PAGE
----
A Step-by-Step guide from the Sacramento County Public Law Library.

Introduction to Discovery – Part 3: Responding to Requests for Admissions
Part 3 of this video series from the Sacramento County Public Law Library’s Civil Self Help Center will help you understand how to respond to Requests for Admissions.

Form Interrogatories

Interrogatories are useful for obtaining new information. Interrogatories allow litigants to ask who, what, where, when and why questions, which the opposing party must answer in writing and under oath. Form interrogatories are an easy way for parties to ask common questions by simply checking the boxes for the questions they wish to ask.

For more information:

Propounding Form Interrogatories
A Step-by-Step guide from the Sacramento County Public Law Library.

Responding to Interrogatories
A Step-by-Step guide from the Sacramento County Public Law Library.

Introduction to Discovery – Part 4: Propounding Form Interrogatories
Part 4 of this video series from the Sacramento County Public Law Library’s Civil Self Help Center will help you understand what Form Interrogatories are, and how to propound these types of requests.

Introduction to Discovery – Part 5: Responding to Form Interrogatories
Part 5 of this video series from the Sacramento County Public Law Library’s Civil Self Help Center will help you understand how to respond to Form Interrogatories.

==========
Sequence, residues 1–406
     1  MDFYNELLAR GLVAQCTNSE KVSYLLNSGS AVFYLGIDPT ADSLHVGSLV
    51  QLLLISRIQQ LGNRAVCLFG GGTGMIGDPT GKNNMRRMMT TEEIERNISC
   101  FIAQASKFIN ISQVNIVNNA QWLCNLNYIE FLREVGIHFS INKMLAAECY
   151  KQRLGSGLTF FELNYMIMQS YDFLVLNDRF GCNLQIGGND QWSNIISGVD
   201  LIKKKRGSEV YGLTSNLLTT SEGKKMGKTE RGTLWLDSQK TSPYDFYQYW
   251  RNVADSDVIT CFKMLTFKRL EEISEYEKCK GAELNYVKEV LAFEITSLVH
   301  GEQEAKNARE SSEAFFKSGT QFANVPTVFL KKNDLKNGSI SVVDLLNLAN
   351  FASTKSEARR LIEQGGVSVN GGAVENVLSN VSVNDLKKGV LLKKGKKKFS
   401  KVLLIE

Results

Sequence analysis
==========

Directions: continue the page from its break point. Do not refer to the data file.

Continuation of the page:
Special Interrogatories

Special interrogatories, like form interrogatories, are useful for obtaining new information, and for asking who, what, where, when and why questions. Special interrogatories are used to ask questions that are not included in the form interrogatories. The parties write their own questions, tailored to obtain facts needed to prove their case or disprove a point the other side must establish to win theirs.

For more information:

Propounding Special Interrogatories
A Step-by-Step guide from the Sacramento County Public Law Library.

Responding to Interrogatories
A Step-by-Step guide from the Sacramento County Public Law Library.

Introduction to Discovery – Part 6: Propounding Special Interrogatories
Part 6 of this video series from the Sacramento County Public Law Library’s Civil Self Help Center will help you understand what Special Interrogatories are, and how to propound these types of requests.

Introduction to Discovery – Part 7: Responding to Special Interrogatories